System design is the process of designing the architecture and components of a software system to meet specific business requirements. The process involves defining the system’s architecture, components, modules, and interfaces, and identifying the technologies and tools that will be used to implement the system. Here are some steps to get started with system design:
- Understand the requirements: Before you begin designing the system, you need to understand the requirements. This involves talking to stakeholders and users, reviewing existing documentation, and analyzing the business processes that the system will support.
- Define the system architecture: Once you have a clear understanding of the requirements, you can begin defining the system architecture. This involves identifying the major components of the system and the interfaces between them.
- Choose the technology stack: Based on the requirements and the system architecture, you can select the technology stack. This includes choosing the programming language, database, frameworks, and libraries that will be used to implement the system.
- Design the modules: Next, you need to design the modules that will make up the system. This involves defining the functions that each module will perform and the data that it will manipulate.
- Plan for scalability: As you design the system, you need to consider how it will scale. This involves identifying potential bottlenecks and designing the system to handle increased loads.
- Consider security and privacy: Security and privacy should be a key consideration in system design. This involves identifying potential security threats and designing the system to mitigate them.
- Test and validate: Once the system design is complete, you need to test and validate it. This involves creating test cases and scenarios that simulate real-world usage and verifying that the system meets the requirements.
Overall, system design is a complex process that requires careful planning and attention to detail. By following these steps, you can create a system design that meets the needs of your users and your business.
System Design is the process of designing the architecture, components, and interfaces for a system so that it meets the end-user requirements. It’s a wide field of study in Engineering and includes various concepts and principles that will help you in designing scalable systems. These concepts are extensively asked in the Interview Rounds for SDE 2 and SDE 3 Positions at various tech companies. These senior roles demand a better understanding of how you solve a particular design problem, how you respond when there is more than expected traffic on your system, how you design the database of your system, and many more. All these decisions are required to be taken carefully keeping in mind Scalability, Reliability, Availability, and Maintainability. We will be covering all of these terminologies in this article.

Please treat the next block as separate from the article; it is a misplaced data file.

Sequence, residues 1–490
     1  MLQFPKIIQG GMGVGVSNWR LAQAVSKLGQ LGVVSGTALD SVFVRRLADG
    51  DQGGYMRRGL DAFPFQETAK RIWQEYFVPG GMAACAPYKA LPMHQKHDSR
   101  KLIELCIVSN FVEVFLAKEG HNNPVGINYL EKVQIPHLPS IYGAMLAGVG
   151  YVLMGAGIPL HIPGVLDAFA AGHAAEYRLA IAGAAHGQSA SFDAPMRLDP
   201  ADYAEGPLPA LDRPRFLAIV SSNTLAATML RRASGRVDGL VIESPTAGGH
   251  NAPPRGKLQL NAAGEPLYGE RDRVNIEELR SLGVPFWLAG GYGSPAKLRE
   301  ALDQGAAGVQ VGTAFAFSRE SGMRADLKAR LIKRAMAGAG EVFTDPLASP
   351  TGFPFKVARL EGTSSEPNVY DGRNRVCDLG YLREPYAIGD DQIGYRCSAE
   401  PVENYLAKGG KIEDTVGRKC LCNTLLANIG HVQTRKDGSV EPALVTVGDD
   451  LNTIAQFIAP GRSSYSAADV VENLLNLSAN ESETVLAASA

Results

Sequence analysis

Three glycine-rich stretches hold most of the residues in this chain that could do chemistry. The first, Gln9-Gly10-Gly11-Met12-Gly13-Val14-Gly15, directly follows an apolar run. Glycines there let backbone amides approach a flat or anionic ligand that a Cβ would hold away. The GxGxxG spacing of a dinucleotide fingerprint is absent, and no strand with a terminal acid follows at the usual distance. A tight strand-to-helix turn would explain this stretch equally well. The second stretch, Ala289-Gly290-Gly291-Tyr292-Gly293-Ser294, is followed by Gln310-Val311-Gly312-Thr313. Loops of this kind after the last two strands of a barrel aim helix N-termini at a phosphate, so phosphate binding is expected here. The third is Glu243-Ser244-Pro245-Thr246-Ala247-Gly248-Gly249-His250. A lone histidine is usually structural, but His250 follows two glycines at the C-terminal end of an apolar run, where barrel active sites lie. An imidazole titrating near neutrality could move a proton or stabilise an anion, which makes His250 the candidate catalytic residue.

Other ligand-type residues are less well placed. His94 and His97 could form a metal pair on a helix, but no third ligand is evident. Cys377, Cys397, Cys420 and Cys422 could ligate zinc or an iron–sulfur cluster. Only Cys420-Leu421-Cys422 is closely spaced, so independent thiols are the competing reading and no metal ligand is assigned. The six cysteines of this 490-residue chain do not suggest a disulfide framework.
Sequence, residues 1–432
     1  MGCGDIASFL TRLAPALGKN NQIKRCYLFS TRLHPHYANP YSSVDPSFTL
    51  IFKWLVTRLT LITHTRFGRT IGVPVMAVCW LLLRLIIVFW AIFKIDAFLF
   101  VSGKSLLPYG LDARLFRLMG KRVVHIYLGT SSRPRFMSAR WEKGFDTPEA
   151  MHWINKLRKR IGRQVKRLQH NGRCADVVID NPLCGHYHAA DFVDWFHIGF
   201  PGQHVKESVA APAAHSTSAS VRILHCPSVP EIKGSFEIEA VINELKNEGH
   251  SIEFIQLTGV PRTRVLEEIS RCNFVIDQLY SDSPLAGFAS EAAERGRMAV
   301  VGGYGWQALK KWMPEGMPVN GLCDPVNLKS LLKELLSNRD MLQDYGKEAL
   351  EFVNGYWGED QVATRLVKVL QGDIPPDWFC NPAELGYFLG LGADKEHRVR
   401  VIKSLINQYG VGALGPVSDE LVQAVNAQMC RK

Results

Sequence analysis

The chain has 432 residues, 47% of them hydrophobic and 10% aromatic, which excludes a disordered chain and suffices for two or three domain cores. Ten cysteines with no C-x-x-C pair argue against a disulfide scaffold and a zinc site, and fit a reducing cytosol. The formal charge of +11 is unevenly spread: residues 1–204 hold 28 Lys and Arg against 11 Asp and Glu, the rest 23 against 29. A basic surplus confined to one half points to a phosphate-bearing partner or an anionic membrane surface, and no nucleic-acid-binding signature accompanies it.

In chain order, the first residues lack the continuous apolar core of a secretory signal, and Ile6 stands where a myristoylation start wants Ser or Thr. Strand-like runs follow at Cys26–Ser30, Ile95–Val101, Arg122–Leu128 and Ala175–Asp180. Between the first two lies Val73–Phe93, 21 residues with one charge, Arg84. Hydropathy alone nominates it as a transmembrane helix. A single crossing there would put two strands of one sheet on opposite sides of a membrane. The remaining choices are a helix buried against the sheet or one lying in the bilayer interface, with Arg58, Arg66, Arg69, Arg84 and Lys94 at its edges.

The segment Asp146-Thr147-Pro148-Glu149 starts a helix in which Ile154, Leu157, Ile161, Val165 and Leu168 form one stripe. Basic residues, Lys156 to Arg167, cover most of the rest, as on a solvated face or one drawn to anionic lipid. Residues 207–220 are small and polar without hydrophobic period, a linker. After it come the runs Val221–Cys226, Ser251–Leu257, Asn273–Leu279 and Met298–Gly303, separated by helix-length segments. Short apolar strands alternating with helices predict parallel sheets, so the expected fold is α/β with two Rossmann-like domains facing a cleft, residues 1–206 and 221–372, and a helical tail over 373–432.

Before we start discussing the terminologies, there are a few things we should need to clear about. When you are given a System Design Problem, you should approach it in a planned manner. Initially, the Problem may look huge, and one can easily get confused about how to start solving it. And moreover, there is no fixed solution while you are designing a system. There is more than one way to reach the Solution. So let’s discuss how one should start with solving a Design Problem given in an Interview.
Approaching a Design Problem
- Breaking Down the Problem: When you are given a Design Problem start breaking it down into small components. These components can be Services or Features which you need to implement in the System. Initially, a System given to be designed can have a large number of features and you are not expected to design everything if it’s an Interview. Ask your interviewer about the Features you are planning to put in your system. Is there anything else you should be putting there? Any Feature? Any Service? … Ask!